Tag Archives: Design

Art house

Delhi artists show us their homes ♦

Time Out gets an all-access pass into the homes of some of Delhi’s best, and best-loved artists, who graciously entertained all our queries. We asked for the whys, wherefores and whos of their owl collections, demanded to know the history of their flooring, and wheedled a free tour of their Picassos and Paul Klees. From September 2012. Read the full story below, or download it as a prettier PDF here.

Published: September 1, 2012

Flaps over jackets

What’s behind the various covers of Indian books? ♦

beautyfullOn the US edition of Behind the Beautiful Forevers, a girl squats in a swamp, surrounded by a slum. Her face, tilted towards a pale, yellow sky, could reflect grief or devotion. The UK and India edition’s cover is the polar opposite – saturated with shades of cerulean, yellow, and pink, its subject is the figure of a boy in motion, running up a flight of stairs: a symbolically hopeful image that recalls the kitsch aesthetic of Slumdog Millionaire.

Are American readers so wracked by guilty privilege that they’re more likely to pay money for an image of abject poverty? Do Indian readers respond better to stylized, uplifting images of the poor than confront them as stark, hopeless reality? In their role as packaging, book covers are beholden to market tastes, which vary from place to place. It’s often tempting to spin sociological theories from the differences between them around the world. But drawing conclusions about cultural differences based on cover designs is a complicated exercise.

A complaint we’ve heard often among editors, designers, authors and intellectuals in the Indian publishing scene is that books by Indians or about India often get the exotic treatment by cover designers abroad. Freelance book cover designer Pinaki De said he thinks the typical Western design reflects a “pigeonholing, [a] very claustrophobic idea of India”. HarperCollins India’s publisher VK Karthika listed “mehndi, the Taj Mahal, bindis, even a sort of Sanskritised looking font” as the recurring stereotypical motifs she sees cross her desk from abroad.

Some authors actively try to ensure that their books avoid orientalist treatment. Sonia Faleiro recalled her ground rules about the international covers of Beautiful Thing: “Firstly, no stereotypes. So, no henna, no precious fonts. Second, if you put a woman on the cover she must have brown skin.” With a dozen editions in print or in the pipeline, there are almost as many covers of Beautiful Thing – variations on a portrait, a crop of a woman’s torso, and even a painting.

The book cover of Open magazine editor Manu Joseph’s Serious Men has as many variations. Joseph, who aired a similar opinion about the American edition’s Shiva cover in the Wall Street Journal’s India Real Time blog last year, was quick to qualify the thought when we spoke to him. “India is a selling point,” he said, with “a set of visual images which work – it could be a sari, it could be a bindi, it could be any of the gods. The Italian cover of Serious Men has Akbar holding a broken rose.” These stock stereotypes exist for a reason, Joseph said, “as long as people are thinking so deeply about your book, or how to sell your book, I think as an author you feel a bit secure.”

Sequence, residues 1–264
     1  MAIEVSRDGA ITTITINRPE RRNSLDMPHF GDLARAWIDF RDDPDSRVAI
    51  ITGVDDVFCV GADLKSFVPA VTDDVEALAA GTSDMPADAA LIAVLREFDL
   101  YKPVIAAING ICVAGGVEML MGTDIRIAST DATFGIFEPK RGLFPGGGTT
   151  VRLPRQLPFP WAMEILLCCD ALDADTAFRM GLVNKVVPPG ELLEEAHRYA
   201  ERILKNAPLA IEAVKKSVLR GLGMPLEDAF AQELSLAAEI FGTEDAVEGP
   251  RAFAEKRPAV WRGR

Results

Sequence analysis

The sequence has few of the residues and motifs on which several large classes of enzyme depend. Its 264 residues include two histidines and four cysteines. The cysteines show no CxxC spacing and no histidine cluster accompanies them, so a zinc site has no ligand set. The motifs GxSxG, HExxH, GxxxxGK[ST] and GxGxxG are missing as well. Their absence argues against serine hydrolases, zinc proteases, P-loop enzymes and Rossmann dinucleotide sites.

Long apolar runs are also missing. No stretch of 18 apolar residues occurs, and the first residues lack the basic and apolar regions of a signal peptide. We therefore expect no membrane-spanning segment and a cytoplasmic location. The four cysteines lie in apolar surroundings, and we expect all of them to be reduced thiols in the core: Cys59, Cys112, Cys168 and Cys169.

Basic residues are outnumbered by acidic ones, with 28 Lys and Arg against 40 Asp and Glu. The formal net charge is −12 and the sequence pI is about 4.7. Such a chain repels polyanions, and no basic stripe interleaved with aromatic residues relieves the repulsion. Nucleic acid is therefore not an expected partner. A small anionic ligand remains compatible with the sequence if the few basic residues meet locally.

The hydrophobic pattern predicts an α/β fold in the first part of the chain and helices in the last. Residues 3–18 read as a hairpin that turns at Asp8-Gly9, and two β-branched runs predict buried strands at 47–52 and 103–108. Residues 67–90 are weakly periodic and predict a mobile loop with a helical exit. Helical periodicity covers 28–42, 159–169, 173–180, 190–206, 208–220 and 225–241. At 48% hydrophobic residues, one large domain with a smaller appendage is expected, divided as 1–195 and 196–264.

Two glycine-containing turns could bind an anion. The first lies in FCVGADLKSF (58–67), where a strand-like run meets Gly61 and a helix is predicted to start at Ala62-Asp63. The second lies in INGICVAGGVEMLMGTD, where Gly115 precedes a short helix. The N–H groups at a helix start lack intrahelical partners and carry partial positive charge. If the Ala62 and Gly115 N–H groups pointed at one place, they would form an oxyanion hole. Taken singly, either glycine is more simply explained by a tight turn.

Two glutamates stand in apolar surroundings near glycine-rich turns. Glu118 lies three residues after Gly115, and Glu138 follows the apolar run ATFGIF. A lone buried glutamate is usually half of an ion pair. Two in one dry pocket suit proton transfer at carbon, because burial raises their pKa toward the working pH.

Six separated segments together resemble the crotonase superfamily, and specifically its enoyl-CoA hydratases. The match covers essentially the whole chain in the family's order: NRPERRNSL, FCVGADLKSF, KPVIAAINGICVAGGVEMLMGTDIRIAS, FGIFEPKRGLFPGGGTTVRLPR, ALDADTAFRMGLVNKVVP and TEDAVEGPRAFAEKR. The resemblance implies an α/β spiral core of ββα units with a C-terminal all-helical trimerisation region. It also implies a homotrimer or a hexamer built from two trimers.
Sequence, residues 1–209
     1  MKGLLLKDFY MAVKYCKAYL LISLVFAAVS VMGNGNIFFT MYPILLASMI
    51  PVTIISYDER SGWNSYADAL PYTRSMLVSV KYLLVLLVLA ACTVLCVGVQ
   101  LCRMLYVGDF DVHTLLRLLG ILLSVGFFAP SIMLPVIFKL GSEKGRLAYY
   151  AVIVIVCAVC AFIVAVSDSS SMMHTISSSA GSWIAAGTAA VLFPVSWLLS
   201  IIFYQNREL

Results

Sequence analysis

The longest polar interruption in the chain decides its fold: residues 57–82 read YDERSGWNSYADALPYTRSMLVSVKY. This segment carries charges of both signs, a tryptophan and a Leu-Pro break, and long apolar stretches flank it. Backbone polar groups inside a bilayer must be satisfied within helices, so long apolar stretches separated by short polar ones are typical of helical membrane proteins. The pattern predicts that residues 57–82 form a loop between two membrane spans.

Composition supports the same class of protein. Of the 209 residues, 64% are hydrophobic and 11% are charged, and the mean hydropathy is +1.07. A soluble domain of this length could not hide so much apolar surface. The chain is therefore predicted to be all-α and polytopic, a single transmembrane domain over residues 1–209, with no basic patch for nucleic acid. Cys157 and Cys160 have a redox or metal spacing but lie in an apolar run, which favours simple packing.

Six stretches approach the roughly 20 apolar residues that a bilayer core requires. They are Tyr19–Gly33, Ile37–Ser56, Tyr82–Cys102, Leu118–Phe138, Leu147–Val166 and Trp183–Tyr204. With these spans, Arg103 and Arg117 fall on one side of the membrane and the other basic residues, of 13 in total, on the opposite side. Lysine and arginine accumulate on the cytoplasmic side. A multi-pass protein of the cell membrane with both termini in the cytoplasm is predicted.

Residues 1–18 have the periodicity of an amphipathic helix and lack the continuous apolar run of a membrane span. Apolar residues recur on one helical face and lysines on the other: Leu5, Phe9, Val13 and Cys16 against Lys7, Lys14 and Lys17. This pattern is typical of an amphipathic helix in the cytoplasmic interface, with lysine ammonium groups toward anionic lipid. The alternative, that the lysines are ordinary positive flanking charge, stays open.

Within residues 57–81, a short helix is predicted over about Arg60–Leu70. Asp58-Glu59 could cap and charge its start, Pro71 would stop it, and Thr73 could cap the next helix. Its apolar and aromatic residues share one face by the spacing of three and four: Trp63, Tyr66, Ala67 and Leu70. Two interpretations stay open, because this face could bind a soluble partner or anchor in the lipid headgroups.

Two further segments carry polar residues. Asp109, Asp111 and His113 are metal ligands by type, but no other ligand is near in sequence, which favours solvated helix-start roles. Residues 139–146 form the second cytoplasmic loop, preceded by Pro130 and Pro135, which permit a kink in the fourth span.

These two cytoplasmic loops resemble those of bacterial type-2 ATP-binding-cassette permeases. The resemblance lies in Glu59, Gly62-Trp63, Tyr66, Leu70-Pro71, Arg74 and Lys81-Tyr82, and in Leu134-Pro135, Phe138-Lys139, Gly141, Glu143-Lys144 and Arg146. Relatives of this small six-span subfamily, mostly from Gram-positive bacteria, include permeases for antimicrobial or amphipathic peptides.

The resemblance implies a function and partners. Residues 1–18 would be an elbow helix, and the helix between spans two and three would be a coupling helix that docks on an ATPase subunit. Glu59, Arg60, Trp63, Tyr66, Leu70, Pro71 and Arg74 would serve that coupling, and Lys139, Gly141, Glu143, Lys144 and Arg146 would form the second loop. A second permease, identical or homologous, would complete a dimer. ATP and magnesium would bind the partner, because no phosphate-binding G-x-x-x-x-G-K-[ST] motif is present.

Typically, authors do tend to come around to a cover, especially if it enjoys commercial success. Siddhartha Deb, whose The Beautiful and the Damned ran with a techie pastiche in its American hardcover edition, said, “I initially really disliked the pink cover for the UK paperback/India edition and gave a very grudging yes to it, but people do love it… I’ve grown pretty fond of it myself.”

Traditionally, the use of different covers in different markets stems from a split in US and UK cover design (conventionally perceived as a divide between commercial American covers and artistic British ones). In both these big markets, publishers’ representatives take books to major sellers, who can veto covers if they believe they won’t catch on. Here, as Karthika explained, “we present [the book] as a finished product to the trade.” Of course, every country has its own self-exoticising tendencies as well, and a need to differentiate each product. “There may be a Mughal romance,” Karthika said, by way of example, “you want it to look like a Mughal romance, and play the stereotype up, but you also want the book to look different from any other romance out there.”

However, as the internet plays a bigger role in how books are sold, there’s a new tension between the old wisdom of tailoring covers to particular audiences, and standardising them. There’s a move towards using very slight or no variations. “Because of Google and the way searches work, you really want one look for the book,” Karthika said.

Joseph agreed, “It would be nice if there were only one cover. You want a single visual branding where a person looks at a cover and knows that this is that book, without having to read the text.” He added that “for most publishers, Amazon is the biggest client now, so they are looking at covers which would stand out as… a very small thumbnail on your screen.”

Several people pointed to Aravind Adiga’s The White Tiger as an iconic example of a typographical cover that was used successfully internationally. As the Indian market grows, and eventually surpasses, foreign markets in size, we’ll likely see more Indian edition covers being picked up abroad. Pinaki De, who has had his designs used internationally, thinks this is already happening. “Increasingly, covers from India are being taken internationally, so that’s good news,” he said. Perhaps Indian designers have their own clichés about the West, he said. “But I personally feel a lot of designers in India are actually doing a lot better than foreign designers.”